Friday, December 30, 2011

What does it mean really to be a mom and a dad? (or a friend, or a sister or a brother...

I have been a sister and a daughter for 41 years. I have been a wife for 18 years. I have been a mom to 6 children ages 15, 13, 13,12,7, and 4, for 12 years.
Wait, what?
Yep, my kids are older than how many years I have been a mom.
I have been a mom through adoption for 12 years. My first child came home at 10 months. The second at 16 months, the third at 3.5, the 4th and 5th came home together at 12 and 10, and the 6th was almost 3. This has put me in a unique position. It is imperative that I learn exactly who my children are and what they need. To recognize that while their birth certificates and bodies say they are one age, emotionally they are much much younger. It is vital to remember that their emotional growth was stunted and that their little hearts and minds often think like a much younger child. I must find out where they really are emotionally and meet them there.
This is no easy task. It is hard to remember that this teen in front of you, who is so handsome and manly, on many levels often thinks just like my 7 year old. Many times my 7 year old is more mature because his intervention began when he was younger. The 13 year old who experienced a flood of hormones with the tremendous nutritional shift that occurred when she arrived, looks like a woman and thinks quite a bit like my 4 year old: Beyond egocentric.
But in the daily living, these facts can get lost and tensions build. We forget that we are responsible for their emotional health. We've pushed aside our children's reality with the platitude that "children are resilient."
You know what? Children are resilient, but they shouldn't have to be. If we are their parents, we are supposed to be their protection. We are to take the brunt of what they must live through.
What exactly do I mean by that?
Just because they have a better life now, doesn't mean that we are supposed to leave them to process through their past alone. So often we leave them carrying that baggage themselves instead of coming along side them and holding those very large bags with them.
This will not be easy.
They protect those bags, for within those bags is their heart.

In order to do this they throw up all kinds of defenses:
hyper-obedience
hyper-disobedience
indifference
resistance
disrespect
discontent
entitlement
disconnection

And in our own desire to believe that everything is going to be alright and "Gee, don't' they look like all the other American kids," we miss it. Because we're right, they do look just like all the other American kids.

We've made it right to where everyone else is. The great divide between parent and child. Who am I kidding, between husband and wife as well.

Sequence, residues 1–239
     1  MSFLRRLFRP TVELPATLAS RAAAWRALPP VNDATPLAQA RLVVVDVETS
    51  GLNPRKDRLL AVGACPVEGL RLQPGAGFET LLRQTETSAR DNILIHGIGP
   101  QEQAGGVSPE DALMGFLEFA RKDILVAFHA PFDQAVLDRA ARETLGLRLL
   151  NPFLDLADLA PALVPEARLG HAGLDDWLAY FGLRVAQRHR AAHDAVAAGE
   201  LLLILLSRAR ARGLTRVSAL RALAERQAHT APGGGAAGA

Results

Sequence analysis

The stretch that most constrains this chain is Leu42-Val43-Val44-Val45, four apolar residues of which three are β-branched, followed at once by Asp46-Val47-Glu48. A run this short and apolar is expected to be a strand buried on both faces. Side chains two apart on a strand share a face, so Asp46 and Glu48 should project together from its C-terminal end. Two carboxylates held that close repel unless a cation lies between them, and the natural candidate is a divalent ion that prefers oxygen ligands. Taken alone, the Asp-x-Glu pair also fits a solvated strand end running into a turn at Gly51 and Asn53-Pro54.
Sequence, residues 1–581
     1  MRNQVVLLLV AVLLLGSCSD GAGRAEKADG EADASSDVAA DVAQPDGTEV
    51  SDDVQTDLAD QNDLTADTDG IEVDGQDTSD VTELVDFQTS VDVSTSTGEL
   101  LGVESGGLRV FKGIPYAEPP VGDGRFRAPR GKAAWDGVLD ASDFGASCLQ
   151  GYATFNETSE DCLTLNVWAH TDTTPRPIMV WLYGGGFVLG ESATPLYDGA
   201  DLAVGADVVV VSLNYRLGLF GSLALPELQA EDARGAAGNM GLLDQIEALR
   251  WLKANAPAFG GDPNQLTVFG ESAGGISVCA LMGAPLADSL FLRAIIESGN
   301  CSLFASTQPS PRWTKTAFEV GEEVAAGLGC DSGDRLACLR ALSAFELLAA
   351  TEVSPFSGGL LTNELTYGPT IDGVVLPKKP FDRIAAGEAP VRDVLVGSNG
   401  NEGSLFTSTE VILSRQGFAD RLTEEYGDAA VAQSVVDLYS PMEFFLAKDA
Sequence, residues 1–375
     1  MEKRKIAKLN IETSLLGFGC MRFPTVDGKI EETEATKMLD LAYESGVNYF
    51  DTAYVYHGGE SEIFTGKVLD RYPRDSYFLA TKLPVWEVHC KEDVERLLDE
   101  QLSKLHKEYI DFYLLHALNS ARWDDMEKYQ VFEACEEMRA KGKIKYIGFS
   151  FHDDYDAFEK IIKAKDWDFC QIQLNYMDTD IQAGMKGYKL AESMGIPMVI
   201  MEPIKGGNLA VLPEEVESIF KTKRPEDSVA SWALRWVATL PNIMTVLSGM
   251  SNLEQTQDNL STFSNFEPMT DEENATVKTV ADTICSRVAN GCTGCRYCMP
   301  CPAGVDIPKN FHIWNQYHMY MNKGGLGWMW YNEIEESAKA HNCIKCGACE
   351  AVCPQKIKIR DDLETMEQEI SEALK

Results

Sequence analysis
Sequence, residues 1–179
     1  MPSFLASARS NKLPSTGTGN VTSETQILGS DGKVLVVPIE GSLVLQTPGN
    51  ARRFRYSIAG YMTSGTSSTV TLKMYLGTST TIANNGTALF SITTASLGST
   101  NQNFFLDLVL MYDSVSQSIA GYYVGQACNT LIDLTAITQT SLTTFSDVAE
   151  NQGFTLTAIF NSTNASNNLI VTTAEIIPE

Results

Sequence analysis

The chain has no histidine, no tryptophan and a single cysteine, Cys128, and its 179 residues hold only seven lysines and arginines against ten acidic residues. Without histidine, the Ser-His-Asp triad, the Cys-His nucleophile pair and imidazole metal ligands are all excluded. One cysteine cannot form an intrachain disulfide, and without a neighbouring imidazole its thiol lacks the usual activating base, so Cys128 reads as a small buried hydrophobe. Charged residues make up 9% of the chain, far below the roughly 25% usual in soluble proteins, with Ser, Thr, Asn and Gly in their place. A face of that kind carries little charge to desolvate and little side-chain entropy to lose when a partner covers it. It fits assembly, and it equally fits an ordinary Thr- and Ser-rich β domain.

It boils down to 2 words. Intentional Relationship

So often we aren't intentional with our children (or our spouses.) We don't actively foster our relationships. We are reactive. We don't function in a way that makes sure that we are connected to our people in a healthy way, we merely react to them when what they do affects us negatively. This seems to be the only time we recognize our connections.
This is wrong. We are not being intentional in our relationships with our children. We are leaving them alone to navigate their relationship with us.
What?
We've already established that they are much younger than they appear, with damage, and disappointment, and abandonment, and disease, and poverty all over them and it's up to them to dictate their relationship with us too?
WE ARE THE PARENTS.
It is time for us to get over ourselves and be the people God has called us to be.
Dads, step up and intentionally lead your families. Recognize that YOU are the rudder of the ship called your family. If you aren't doing your job, your ship is running way off course and your family is suffering because of it.
Moms, nurture your relationships with your children and your husband. Recognize that this is the roll we signed up for. We are the soft place for them. We need to meet them where they are and help them through life. We can't be distracted by the hurtful things being said to us. We must see past it and recognize that those are walls protecting the damaged hearts of our loved ones. We can focus on the smaller problem of the disrespect or we can persevere and get to the inner heart of our dear ones. If we can make it to their hearts and connect there, all the other walls will fall, and true relationship will form.
This is up to us, not our children.
Relationally with our spouses, we are equally culpable, but if it has to start somewhere, wives, lets begin.
It is humbling to realize that we have been given the responsibility of someone's heart and so easy to forget.

Look into your hands.
How many hearts do you hold?
How many are slipping through your fingers because you aren't intentional with the relationships you are responsible for?
Have you forgotten the relationship you have with the heavenly Father who so tenderly holds yours?